Not retiring: working a 4-day week on full pay

WM People’s third podcast focuses on the 4-day week, diversity and inclusion and sickness.

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Is it possible to work less and get paid full time? Well, according to the 4-Day Week campaign it is. They have just published the findings of their six-month trial, the largest in the world, with 61 companies. A discussion about the results features in the third podcast.

The 4-day week is perhaps an idea whose time has come. Following the pandemic and concerns about older workers dropping out of the workforce due to ill health, caring responsibilities or other reasons, it works on the premise that you work 20% less of a full-time week but for the same pay.  The analysis, published last week, found 92% of participating companies said they wanted to continue with the 4-day week. The podcast discussed how different employers interpreted the brief in different ways according to the sector they worked in as well as criticism of it, for example, that some employers seemed to have extended the other days to get around it, which seems to go against the spirit of the trial.

The aim of the campaign is to build more rest into the working week given how intense work is these days. Of course, a four-day week won’t work for all sectors or all job functions, but it does show that people are questioning the traditional ways of doing things. We need to plan for a longer working life and that means building resilience and avoiding burnout by midlife [or before]. It might mean paid sabbaticals, for instance, or support to return to the workplace after a career break for health reasons along the lines of the returner programmes for those who have taken a break for childcare reasons.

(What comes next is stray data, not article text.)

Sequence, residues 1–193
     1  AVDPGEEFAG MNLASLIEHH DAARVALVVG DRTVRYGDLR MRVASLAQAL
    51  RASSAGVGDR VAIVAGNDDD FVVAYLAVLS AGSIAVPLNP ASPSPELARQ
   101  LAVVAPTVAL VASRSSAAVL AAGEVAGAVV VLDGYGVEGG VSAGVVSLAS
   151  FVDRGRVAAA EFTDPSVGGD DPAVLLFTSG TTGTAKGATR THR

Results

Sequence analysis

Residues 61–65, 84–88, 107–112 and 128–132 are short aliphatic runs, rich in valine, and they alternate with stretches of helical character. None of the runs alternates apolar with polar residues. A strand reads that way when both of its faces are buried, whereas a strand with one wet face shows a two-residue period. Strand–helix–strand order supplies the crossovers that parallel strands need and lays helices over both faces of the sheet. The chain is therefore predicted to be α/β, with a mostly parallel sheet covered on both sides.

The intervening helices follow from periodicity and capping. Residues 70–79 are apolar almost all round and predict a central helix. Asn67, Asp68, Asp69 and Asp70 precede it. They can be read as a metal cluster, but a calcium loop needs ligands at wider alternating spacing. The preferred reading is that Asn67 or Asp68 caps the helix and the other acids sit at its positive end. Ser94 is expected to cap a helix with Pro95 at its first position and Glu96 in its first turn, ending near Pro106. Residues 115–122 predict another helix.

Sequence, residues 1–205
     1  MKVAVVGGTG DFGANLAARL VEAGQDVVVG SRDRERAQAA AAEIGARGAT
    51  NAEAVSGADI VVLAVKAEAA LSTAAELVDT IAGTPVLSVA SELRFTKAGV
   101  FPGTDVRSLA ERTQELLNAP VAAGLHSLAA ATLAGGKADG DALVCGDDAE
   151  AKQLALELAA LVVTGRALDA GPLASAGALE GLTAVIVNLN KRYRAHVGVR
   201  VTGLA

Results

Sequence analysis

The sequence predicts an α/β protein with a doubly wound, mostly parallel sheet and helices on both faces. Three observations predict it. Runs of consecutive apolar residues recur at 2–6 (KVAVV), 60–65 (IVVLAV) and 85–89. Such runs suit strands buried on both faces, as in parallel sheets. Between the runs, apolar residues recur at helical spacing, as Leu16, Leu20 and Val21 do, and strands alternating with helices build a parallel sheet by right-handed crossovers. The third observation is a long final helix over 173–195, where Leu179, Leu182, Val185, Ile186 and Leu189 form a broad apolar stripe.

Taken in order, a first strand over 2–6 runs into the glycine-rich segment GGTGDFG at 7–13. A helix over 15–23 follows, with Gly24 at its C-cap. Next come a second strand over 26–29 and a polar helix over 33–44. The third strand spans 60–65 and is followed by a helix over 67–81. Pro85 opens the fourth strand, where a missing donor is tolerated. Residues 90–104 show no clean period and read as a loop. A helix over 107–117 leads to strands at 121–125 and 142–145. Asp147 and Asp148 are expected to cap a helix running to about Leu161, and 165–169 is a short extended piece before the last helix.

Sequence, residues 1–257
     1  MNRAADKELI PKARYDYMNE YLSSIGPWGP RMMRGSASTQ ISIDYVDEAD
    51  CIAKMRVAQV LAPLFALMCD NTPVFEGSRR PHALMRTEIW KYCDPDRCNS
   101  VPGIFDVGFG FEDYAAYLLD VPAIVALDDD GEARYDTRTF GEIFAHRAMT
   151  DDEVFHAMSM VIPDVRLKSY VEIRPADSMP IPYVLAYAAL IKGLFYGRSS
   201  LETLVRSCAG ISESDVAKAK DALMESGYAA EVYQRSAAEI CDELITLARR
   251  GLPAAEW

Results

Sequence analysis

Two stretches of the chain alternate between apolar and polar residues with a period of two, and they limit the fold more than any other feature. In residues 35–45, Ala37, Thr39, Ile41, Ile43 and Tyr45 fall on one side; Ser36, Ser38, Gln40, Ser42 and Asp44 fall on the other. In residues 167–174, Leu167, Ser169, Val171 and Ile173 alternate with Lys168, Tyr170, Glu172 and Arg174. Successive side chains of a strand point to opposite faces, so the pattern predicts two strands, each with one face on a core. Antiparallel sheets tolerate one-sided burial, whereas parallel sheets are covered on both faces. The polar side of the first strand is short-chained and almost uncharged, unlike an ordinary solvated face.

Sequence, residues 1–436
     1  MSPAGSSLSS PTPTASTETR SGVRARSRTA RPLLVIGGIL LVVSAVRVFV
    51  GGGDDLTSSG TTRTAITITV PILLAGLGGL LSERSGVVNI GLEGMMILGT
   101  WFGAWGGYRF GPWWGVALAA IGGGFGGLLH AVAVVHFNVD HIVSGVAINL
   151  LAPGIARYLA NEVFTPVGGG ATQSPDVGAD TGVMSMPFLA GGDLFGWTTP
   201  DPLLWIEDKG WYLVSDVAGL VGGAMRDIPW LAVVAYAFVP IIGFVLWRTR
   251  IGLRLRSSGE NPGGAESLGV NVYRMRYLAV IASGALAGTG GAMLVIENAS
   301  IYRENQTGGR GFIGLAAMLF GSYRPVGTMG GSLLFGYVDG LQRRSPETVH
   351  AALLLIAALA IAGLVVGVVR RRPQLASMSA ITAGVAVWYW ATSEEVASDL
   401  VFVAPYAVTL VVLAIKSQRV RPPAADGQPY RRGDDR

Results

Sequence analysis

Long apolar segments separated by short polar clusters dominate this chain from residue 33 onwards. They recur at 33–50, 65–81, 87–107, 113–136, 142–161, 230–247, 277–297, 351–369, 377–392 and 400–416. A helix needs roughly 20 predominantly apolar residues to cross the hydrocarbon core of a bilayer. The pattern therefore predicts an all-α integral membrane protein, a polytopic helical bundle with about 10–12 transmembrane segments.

Some way or another we need to build a workplace that allows people to do all the other things they have to do to keep things going and recognise that an antiquated model built mainly on women doing all the home stuff for free is not adequate for modern life and something has to give.

The podcast also covered discussions about diversity and inclusion, including criticism of unconscious bias training by the outgoing head of the Institute for Race Relations who said that much of it is box ticking and doesn’t address structural issues. The discussion ranged from the D & I backlash and tick box D & I to how D & I has grown to embrace many types of difference – although age has often been sidelined, whether some aspects of D & I are losing ground to new initiatives and whether people find it more uncomfortable to talk about some aspects of D & I.

The final section of the podcast focused on how to negotiate with your boss about children’s sickness. It followed a pop-up poll on about sickness which found a third of parents said their employer was unsympathetic about their children’s sickness and that 72% of parents have recently been into work although they were sick. It’s not just child or parent sickness that is a problem, though. There has been much in the news about long-term health issues affecting mainly older workers and causing a spike in economic inactivity since the pandemic. A large part of the problem is to do with the current state of the NHS and social care service, but other issues include the need for more targeting of older workers for training and upskilling in ways that recognise their broader experience and for more high quality, flexible jobs. There’s much to do and many of the problems are deep-seated, but only by understanding them can we make some progress towards adapting our working lives to a fast-changing world.

*You can listen to the podcast here.

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